Economic freedom, or economic liberty, is the ability of people of a society to take economic actions. This is a term used in economic and policy debates as well as in the philosophy of economics. One approach to economic freedom comes from the liberal tradition emphasizing free markets, free trade, and private property under free enterprise. Another approach to economic freedom extends the welfare economics study of individual choice, with greater economic freedom coming from a larger set of possible choices. Other conceptions of economic freedom include freedom from want and the freedom to engage in collective bargaining.
The liberal free-market viewpoint defines economic liberty as the freedom to produce, trade and consume any goods and services acquired without the use of force, fraud, theft or government regulation. This is embodied in the rule of law, property rights and freedom of contract, and characterized by external and internal openness of the markets, the protection of property rights and freedom of economic initiative. There are several indices of economic freedom that attempt to measure free market economic freedom. Based on these rankings, correlative studies have found higher economic growth to be correlated with higher scores on the country rankings. With regards to other measures such as equality, corruption, political and social violence and their correlation to economic freedom, it has been argued that the economic freedom indices conflate unrelated policies and policy outcomes to conceal negative correlations between economic growth and economic freedom in some subcomponents.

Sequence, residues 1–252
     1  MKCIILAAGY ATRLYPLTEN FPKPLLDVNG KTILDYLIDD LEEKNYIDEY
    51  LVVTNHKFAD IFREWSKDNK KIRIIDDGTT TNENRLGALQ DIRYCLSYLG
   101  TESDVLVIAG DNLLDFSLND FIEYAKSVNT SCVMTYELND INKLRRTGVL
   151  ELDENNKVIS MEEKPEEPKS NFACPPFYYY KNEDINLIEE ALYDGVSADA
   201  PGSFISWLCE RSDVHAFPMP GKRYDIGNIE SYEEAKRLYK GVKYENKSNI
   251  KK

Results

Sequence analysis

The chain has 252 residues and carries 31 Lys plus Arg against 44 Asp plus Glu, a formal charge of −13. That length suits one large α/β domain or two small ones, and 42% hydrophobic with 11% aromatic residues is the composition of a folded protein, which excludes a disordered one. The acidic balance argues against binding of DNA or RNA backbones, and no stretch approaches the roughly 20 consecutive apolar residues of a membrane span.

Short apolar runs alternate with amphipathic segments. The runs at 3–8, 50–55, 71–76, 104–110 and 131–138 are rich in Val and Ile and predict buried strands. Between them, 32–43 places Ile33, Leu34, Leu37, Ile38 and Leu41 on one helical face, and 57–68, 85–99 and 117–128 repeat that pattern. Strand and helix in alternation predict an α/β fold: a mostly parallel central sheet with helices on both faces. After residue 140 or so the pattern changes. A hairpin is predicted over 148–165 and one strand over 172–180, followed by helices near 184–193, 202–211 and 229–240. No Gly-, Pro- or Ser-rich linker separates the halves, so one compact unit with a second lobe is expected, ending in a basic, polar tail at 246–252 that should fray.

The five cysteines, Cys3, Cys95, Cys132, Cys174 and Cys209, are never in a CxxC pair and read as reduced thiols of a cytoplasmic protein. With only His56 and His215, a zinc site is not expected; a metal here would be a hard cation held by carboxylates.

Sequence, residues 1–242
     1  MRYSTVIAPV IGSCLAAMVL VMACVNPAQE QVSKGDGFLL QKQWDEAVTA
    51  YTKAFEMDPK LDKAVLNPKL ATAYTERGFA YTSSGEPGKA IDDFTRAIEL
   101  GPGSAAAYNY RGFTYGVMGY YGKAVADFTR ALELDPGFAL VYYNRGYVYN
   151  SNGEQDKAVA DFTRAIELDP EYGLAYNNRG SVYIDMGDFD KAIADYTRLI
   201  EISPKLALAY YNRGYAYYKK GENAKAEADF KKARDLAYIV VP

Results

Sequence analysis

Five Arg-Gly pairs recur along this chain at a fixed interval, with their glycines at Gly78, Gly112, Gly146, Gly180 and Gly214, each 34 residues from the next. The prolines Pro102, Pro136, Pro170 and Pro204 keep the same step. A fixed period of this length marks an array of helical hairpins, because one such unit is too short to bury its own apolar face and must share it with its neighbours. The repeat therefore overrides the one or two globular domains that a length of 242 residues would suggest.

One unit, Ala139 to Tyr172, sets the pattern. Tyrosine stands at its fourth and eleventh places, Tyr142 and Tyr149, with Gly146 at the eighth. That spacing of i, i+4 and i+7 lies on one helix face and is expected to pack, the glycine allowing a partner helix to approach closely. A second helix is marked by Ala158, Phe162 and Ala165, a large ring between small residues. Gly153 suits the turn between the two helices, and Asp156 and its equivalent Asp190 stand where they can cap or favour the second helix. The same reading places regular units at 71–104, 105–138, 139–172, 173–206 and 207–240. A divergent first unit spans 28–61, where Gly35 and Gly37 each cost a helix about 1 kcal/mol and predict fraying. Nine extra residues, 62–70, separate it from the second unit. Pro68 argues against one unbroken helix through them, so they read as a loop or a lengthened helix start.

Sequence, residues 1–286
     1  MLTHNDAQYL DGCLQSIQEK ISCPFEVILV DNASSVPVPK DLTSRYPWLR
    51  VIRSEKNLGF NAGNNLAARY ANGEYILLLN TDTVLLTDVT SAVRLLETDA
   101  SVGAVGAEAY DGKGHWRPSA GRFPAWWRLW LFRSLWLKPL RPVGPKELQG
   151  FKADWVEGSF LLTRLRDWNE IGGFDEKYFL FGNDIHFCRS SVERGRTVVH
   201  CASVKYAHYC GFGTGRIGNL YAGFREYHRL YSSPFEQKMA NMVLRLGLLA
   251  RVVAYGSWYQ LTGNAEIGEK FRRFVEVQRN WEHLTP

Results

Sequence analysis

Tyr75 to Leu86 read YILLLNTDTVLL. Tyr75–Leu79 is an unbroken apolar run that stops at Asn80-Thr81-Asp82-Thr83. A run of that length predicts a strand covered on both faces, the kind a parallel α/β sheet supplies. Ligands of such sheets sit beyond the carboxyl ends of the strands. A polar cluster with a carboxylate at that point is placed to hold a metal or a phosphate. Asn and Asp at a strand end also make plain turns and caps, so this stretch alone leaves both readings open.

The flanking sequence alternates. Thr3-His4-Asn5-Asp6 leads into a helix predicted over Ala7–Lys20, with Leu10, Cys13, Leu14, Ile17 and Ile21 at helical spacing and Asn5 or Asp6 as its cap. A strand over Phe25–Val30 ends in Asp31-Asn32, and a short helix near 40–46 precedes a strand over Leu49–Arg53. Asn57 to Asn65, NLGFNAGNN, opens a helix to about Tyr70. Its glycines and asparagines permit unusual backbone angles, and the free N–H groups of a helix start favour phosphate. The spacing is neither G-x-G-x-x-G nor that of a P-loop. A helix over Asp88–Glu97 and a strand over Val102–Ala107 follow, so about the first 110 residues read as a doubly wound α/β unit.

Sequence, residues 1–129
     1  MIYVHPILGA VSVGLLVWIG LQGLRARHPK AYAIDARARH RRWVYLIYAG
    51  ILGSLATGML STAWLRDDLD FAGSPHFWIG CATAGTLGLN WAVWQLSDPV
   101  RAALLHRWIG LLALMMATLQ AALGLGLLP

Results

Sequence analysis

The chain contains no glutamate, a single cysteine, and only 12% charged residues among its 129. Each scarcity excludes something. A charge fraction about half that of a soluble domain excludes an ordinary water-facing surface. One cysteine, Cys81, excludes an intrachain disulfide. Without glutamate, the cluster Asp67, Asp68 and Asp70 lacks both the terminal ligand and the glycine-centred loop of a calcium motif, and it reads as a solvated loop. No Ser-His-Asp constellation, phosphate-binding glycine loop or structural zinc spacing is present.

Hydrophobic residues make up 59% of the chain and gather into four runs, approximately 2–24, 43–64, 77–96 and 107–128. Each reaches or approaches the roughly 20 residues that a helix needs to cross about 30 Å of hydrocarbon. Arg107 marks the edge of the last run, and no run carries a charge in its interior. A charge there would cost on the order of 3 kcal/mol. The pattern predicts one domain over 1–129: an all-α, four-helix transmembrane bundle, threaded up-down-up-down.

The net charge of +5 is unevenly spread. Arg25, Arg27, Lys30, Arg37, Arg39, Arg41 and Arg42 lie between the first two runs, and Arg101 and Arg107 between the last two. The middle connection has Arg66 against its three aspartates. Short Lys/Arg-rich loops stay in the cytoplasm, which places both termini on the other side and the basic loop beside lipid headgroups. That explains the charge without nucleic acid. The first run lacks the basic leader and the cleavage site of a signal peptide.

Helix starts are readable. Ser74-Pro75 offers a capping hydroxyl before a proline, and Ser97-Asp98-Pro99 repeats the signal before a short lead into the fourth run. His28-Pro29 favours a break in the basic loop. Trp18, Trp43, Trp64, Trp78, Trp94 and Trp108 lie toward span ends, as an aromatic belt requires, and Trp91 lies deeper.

According to the liberal free-market view, a secure system of private property rights is a necessary part of economic freedom. Such systems include two main rights, namely the right to control and benefit from property and the right to transfer property by voluntary means. David A. Harper argues that a system of private property is required for entrepreneurship, because “entrepreneurs would not be able to formulate or carry out their plans unless they were reasonably sure that the people with whom they trade have exclusive control over the relevant resources.” Bernard H. Siegan holds that a secure system of property rights also reduces uncertainty and encourages investments, creating favorable conditions for an economy to be successful. According to Hernando de Soto, much of the poverty in Third World countries is caused by a lack of Western systems of laws and well-defined and universally recognized property rights. De Soto argues that because of legal barriers and because it is often unclear who owns what property, poor people in those countries cannot utilize their assets to produce more wealth. David L. Weimer, surveying a series of empirical studies about economic growth, reports that “a number of economic historians have noted the importance of credible property rights, especially in terms of freedom from arbitrary seizures of property by governments, for understanding relative rates of growth in different time periods and regions,” and concludes that countries with strong property rights systems have economic growth rates almost twice as high as those of countries with weak property rights systems. At the same time, he notes that the risk of unexpected seizure, and not state ownership in and of itself, is responsible for this outcome, saying: “the degree of state ownership of property does not have a statistically significant effect on growth rates after controlling for the risk of seizure.”